My CIPD Rare Autoimmune Disease Is Not A Mystery
My world seems to be a mix of opportunistic rare autoimmune diseases, rainbow happy endings, and a host of new issues that may change my horizon.
For the HypoGal readers that have followed me for years, you have witnessed my family's roulette journey of rare, unpredictable health conditions. Our family's health issues give off ear-piercing screams.
I hope my HypoGal's journey of rare diseases; life situations can help others.
Here goes my HypoGalBlog post:
I indulge in a jacuzzi Saturday evening as the sun settles to stars, and I am grateful.
I am thankful to watch my children grow, my days often feel long, but the years seem short. (Quote from my dear friend, Anna)
My days appear long as I miss years long ago, and my CIPD flares radiate throughout my left leg. My left thigh often feels like all the nerve endings are screaming like an out of tune chorus.
Before I share, What Is CIPD? I want my HypoGal readers to know that you can't make this $&?! up!
My CIPD Experience
My body absorbs every chronic inflammatory disease known to humanity; CIPD is now in my landscape. Before children, I use to ski.
When I tried to ski four years ago, I collapsed. My sudden fall to the snow-packed mountain occurs because I cannot lift my left foot.
I also do not want another health issue; I hoped it would go away. It did not.
Years pass; my left leg often limps, especially when I am stressed. I should also note that shooting pain frequently radiates through both of my legs.
Neurologist Diagnosis My CIPD
After years of battling Cervical Dystonia, my health condition brings me to a Neurologist.
I want to note that this is not my first visit with this Neurologist. My neurological issues began with this expert medical about seven years ago. Unfortunately, I was sick of being sick; it felt like I was always putting out a more massive health fire and I did not return for my follow up appointment.
With humility, I return to this Neurologist for an appointment. I need to know why my legs are sore and why they have begun to lose their feeling.
The Neurologist performs numerous neurological tests; a painful nerve biopsy provides an answer.
I have Chronic Inflammatory Demyelinating Polyneuropathy (CIPD)
The National Institutes of Health have written the following about CIPD:
Chronic inflammatory demyelinating polyneuropathy (CIDP) is a neurological disorder characterized by progressive weakness and impaired sensory function in the legs and arms.
The disorder, which is sometimes called chronic relapsing polyneuropathy, is caused by damage to the myelin sheath (the fatty covering that wraps around and protects nerve fibers) of the peripheral nerves.
Although it can occur at any age and in both genders, CIDP is more common in young adults and in men more so than women. It often presents with symptoms that include tingling or numbness (beginning in the toes and fingers), weakness of the arms and legs, loss of deep tendon reflexes (areflexia), fatigue, and abnormal sensations. CIDP is closely related to Guillain-Barre syndrome and it is considered the chronic counterpart of that acute disease.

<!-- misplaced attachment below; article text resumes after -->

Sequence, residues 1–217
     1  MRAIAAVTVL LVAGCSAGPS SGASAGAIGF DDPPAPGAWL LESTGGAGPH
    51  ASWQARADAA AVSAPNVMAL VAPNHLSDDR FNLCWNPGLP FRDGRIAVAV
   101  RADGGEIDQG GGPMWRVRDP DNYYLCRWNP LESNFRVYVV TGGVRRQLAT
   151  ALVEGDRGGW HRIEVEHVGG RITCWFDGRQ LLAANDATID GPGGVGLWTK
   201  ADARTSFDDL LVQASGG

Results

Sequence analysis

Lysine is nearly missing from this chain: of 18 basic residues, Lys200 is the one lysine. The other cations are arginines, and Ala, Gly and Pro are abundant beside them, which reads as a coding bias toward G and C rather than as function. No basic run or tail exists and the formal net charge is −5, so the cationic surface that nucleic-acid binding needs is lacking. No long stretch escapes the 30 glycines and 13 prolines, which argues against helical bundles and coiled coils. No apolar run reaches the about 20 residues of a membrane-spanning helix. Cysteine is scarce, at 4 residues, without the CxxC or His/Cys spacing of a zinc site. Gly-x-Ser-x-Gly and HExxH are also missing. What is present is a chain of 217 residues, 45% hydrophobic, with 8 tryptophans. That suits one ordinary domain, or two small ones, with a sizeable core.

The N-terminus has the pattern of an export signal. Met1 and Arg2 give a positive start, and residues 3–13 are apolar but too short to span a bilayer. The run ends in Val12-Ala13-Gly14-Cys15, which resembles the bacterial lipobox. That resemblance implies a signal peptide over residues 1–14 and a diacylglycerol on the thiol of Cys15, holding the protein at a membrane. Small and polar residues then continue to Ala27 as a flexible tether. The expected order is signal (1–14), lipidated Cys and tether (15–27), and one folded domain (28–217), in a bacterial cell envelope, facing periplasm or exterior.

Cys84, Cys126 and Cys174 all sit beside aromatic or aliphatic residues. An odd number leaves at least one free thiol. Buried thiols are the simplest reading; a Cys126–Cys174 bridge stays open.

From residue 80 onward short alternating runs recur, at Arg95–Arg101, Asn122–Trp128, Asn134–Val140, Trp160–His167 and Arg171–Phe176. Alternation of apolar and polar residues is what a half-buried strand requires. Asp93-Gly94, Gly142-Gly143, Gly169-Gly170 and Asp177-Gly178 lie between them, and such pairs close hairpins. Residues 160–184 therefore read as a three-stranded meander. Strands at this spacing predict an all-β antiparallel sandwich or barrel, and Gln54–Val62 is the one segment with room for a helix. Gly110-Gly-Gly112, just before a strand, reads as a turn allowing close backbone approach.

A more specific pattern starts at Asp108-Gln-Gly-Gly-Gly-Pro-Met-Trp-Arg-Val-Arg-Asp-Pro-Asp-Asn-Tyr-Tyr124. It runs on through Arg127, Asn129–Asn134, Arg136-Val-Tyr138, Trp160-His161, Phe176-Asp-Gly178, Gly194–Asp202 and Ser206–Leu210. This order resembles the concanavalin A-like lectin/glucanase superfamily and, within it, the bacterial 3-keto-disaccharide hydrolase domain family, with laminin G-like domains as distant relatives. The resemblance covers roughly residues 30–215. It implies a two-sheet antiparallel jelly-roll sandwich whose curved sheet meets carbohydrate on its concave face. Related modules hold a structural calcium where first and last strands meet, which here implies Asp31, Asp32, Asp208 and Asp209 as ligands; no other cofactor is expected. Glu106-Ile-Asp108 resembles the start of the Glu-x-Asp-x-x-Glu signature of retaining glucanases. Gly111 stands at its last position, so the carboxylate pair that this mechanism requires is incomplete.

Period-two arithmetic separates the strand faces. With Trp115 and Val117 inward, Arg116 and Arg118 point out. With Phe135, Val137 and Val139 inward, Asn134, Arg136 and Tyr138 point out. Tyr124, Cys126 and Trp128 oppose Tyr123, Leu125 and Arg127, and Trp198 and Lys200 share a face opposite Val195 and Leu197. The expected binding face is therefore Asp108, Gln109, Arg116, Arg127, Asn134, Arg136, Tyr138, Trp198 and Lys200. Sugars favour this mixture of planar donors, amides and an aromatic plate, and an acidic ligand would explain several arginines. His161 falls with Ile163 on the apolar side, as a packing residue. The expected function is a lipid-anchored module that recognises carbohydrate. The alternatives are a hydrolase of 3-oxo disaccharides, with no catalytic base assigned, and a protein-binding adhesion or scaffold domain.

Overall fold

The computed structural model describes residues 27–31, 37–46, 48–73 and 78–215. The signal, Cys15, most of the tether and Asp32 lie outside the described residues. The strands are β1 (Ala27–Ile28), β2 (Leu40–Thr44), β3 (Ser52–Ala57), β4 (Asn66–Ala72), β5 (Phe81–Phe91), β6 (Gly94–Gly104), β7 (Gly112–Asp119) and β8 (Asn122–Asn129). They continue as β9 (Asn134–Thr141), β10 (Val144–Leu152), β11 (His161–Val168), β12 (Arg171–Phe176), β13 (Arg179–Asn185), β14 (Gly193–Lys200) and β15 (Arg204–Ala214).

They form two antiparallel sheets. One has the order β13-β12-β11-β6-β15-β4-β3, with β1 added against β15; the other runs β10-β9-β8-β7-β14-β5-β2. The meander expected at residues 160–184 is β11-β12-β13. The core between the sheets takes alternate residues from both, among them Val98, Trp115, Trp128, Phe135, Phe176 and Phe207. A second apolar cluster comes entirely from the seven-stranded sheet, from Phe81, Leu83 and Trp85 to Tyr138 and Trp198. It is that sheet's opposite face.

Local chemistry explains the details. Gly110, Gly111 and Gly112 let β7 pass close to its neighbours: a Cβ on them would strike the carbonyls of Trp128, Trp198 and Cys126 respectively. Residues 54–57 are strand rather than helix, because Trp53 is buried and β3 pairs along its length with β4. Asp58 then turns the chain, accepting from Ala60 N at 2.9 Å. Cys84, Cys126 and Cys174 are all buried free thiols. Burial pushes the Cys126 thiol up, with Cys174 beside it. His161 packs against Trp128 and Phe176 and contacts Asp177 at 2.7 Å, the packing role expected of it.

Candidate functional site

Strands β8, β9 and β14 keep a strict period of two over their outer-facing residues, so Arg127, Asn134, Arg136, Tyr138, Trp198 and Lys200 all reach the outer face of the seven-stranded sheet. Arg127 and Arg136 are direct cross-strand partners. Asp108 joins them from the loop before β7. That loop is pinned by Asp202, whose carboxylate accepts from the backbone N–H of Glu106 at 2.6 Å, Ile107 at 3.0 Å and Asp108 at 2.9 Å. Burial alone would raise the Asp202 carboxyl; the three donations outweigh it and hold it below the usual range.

I am not surprised I have Chronic Inflammatory Demyelinating Polyneuropathy; I feel each year my almost nonexistent muscle shrinks more.
Chronic Inflammatory Demyelinating Polyneuropathy CIDP Treatment
IVIg may be a first-line therapy as a CIDP treatment.
Intravenous immunoglobulin (IVIg) therapy and Plasmapheresis (plasma exchange) are effective in CIDP treatment.
Other CIDP treatment includes corticosteroids such as prednisone.
Corticosteroids may be prescribed alone as a treatment or in combination with immunosuppressant drugs.
The body's muscle strength, function, and mobility may improve with Physiotherapy.
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My Chronic Inflammatory Demyelinating Polyneuropathy CIPD Treatment
Daily steroid use was introduced to my body eighteen years ago to treat Sheehan's Syndrome. Without my daily steroids, I would be dead. My body is unable to produce cortisol.
I wonder if I need additional steroids to combat CIPD?
A nurse infuses IVIG into my body every twenty-one days for two days.
IVIG treatment helps me. Without this expensive but priceless medication, my journey would have little quality of life.
Even as I notice my CIPD progress, I know the IVIG wards off the progression.
CIPD Support Groups
Knowledge is power, so I reach out to others who CIPD and Guillain-Barre affect.
I begin by joining a CIPD Facebook Page.
From the Facebook CIPD Group, I learn of other resources;
- GBS/CIDP support organization
- GBS-CIDP Foundation International
- IG Living
- Christopher and Dana Reeve Foundation
- National Dysautonomia Research Foundation
- Do I Have CIPD.com
CIPD Government Trails
My CIPD Recap
CIPD is an inflammatory health condition. When you include CIPD into my medical background, the situation screams, yes, inflammation!
My body is full of inflammation, and I know stress is a trigger.
Right now, my stress trigger is from trying to downsize our family's life.
My not so brilliant plan to find a new venue that would provide peace and purpose for our family seems to wreak havoc on my body. I need peace.
You can find shortcuts to living with a chronic illness on the HypoGal website.
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